Posts tagged shannon hale

Some bookish thoughts.

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I can hardly believe it thanks to the way my year started, but I almost think I have a shot at this 52 Books in 52 Weeks goal.  I’ve gotten behind on reviews here, since a lot of books I’ve been reviewing for Tales From the Hollow Tree anyhow, and my life has gotten sadly chaotic lately—not that that’s much of an excuse, life has a tendency to do that every time we turn around, doesn’t it?

I’ve worked myself up to having read 4o books this year, though, just a dozen books shy of my ultimate goal—with that exact number of weeks left, as a matter of fact, so you see, I really do have a chance here, especially since I’m well on my way through a few books at this very moment.  I’ll let you wander over to the Hollow Tree if you want to read about YA Fantasy books, but these are a few of the other things I’ve been finishing off lately:

c-windy1aAnne of Windy Poplars by L.M. Montgomery

Still really enjoying browsing slowly through the Anne books.  This was about the point where my attention would wander when I was younger—Gilbert wasn’t in it at all, and in my first, single-track-mind reading of this series, that was all I wanted to pay attention to.  It amazes me how many kinds and types of people L.M. Montgomery was able to write, though.  The latter part of this book, especially, feels like little more than a sampling of every-day humanity, though, and I think that’s why Montgomery’s books are as lasting as they are, because people don’t really change all that much, and Anne’s view of the sweet to the absurd is such a clear, kind way.  It’s like what I heard the actor who played Kirk (the town oddity) on Gilmore Girls say once about the creator, Amy Sherman-Palladino, that she loved each one of the characters, even the odd ones, and that’s what made the characters so great.  I think the same is true for Montgomery.  She and Anne both love the range of humanity they’re presented with, and it shows.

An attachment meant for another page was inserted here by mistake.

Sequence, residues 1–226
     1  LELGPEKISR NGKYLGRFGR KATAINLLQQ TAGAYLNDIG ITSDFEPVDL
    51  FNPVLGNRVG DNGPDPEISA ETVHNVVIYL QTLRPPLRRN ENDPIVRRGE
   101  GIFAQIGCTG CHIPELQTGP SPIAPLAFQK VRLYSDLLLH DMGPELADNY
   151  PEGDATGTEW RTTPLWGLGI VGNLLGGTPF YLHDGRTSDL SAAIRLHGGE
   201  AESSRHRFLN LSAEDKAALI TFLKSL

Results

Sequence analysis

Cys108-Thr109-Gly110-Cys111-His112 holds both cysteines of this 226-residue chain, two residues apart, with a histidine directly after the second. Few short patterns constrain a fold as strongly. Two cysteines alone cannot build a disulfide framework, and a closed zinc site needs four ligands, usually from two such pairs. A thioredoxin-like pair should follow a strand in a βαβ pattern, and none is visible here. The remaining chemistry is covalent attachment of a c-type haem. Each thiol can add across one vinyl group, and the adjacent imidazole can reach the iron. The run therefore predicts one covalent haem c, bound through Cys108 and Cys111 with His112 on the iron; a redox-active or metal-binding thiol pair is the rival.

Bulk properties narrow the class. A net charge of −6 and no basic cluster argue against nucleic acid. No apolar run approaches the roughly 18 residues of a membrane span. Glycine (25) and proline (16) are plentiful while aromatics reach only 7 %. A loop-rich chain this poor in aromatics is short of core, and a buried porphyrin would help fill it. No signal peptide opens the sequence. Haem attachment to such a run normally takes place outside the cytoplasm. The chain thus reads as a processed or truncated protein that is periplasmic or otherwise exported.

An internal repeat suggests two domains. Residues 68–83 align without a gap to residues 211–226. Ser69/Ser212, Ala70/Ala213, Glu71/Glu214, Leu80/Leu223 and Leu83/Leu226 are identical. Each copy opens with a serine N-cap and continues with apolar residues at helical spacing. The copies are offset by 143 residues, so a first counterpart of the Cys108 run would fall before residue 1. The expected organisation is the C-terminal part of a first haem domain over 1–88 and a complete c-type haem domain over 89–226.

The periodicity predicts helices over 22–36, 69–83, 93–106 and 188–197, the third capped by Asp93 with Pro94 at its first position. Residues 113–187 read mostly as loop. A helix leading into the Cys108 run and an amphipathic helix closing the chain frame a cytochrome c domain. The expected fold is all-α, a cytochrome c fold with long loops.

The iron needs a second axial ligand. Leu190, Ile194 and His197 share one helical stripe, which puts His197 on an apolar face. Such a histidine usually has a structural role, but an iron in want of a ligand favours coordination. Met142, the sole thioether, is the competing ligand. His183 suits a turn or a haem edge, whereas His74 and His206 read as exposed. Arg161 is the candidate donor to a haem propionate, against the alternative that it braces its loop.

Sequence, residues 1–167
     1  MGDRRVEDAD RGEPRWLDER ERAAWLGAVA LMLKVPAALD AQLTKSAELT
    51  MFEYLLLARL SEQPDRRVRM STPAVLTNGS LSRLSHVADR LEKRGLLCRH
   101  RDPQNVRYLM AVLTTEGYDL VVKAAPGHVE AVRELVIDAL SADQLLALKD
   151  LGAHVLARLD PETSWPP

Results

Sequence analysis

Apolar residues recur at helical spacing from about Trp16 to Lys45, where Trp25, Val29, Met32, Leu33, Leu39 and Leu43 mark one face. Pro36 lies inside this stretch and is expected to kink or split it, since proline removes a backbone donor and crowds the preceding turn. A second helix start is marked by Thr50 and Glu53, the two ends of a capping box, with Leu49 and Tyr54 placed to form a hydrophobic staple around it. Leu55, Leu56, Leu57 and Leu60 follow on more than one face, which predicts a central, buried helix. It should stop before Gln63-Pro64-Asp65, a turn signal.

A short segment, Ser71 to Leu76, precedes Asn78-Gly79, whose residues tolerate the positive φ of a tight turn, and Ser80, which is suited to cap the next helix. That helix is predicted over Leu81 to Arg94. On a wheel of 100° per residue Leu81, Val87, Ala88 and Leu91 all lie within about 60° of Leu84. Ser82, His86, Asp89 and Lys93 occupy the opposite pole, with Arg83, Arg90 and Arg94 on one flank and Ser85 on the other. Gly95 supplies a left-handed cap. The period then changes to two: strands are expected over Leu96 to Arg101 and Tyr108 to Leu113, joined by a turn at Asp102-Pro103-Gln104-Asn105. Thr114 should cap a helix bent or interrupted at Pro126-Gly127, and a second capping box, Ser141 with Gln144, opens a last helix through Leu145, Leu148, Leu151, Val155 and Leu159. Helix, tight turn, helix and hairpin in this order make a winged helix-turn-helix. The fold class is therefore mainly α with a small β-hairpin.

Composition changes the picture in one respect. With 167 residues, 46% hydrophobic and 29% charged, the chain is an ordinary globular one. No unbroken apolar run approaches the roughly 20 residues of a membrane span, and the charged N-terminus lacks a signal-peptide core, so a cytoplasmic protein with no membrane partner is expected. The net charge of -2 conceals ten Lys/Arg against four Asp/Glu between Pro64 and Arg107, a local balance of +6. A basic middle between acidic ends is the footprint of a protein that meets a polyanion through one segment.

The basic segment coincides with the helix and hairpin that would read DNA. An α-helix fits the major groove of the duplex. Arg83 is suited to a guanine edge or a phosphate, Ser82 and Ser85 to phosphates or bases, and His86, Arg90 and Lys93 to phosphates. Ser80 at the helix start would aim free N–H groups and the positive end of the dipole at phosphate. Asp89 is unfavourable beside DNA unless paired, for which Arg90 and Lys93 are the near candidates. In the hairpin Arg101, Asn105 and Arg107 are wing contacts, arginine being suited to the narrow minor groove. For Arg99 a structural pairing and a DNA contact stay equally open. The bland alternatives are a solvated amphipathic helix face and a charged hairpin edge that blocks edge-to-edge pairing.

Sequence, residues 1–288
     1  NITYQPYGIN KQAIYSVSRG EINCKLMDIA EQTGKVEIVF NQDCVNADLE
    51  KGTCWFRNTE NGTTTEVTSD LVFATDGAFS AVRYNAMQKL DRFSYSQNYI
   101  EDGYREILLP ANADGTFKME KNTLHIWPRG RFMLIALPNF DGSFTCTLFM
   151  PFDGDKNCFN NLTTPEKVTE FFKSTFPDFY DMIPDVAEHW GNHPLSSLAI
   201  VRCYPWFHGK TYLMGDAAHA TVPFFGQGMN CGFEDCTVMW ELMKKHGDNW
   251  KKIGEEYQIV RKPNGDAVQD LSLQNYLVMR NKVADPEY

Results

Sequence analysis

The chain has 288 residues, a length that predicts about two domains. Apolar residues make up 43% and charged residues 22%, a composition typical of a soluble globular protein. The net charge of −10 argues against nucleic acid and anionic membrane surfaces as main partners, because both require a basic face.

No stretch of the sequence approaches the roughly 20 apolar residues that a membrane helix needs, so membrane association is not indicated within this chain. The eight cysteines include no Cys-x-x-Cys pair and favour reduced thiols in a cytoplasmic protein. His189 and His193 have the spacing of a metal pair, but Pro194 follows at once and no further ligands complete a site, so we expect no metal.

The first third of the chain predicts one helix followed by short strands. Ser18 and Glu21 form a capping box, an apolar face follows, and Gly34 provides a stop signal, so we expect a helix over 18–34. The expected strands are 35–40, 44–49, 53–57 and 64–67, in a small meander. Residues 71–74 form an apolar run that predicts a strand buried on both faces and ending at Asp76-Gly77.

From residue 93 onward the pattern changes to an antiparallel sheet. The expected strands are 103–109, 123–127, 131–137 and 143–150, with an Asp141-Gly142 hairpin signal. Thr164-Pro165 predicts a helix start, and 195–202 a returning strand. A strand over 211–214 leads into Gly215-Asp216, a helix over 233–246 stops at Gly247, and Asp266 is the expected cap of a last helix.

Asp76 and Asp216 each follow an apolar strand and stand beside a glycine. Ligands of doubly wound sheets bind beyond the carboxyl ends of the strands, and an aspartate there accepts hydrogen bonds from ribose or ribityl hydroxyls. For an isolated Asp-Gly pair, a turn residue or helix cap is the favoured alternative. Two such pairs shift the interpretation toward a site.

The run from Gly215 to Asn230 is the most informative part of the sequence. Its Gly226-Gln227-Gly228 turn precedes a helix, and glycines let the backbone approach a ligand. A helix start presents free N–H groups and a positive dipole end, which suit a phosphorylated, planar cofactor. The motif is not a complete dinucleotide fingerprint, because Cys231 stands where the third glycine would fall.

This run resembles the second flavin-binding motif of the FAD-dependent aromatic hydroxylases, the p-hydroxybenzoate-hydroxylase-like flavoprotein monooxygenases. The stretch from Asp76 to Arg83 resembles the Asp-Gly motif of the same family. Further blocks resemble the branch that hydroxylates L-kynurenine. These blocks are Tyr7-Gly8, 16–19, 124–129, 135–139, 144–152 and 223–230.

A Book of Luminous Things edited by Czeslaw Milosz luminous

I’ve been trying my best to get back into reading poetry this year. In fact, the only New Year’s Resolution that I can actually remember, was to read a poem a day.  I failed pretty miserably in this, considering  Milosz’ book is the same one I cracked open on January 1st and it took me until mid-September to finish reading through it.  I’m glad I finally did, though.  This book was given to me in high school as a Christmas present from a good friend of mine, and every once in a while I’d open it up and read a poem or two, but I’d never have the forethought to actually read the thing through, which is a shame, because it is organized beautifully.  This was, quite honestly, the first collection of poems I’ve read straight through that wasn’t from a single author, but Milosz has it divided into segments, or “chapters” with introductions, that make it a truly enjoyable read.  I admit, too, that part of my love for it has to do with the fact that so many of the poets included are California poets, and there’s a certain flavor to Californian poetry that simply doesn’t  come from anywhere else, just like there’s a flavor to Russian novels or Italian opera.  It just is.  And that little taste of California is something that I always have, and always will love.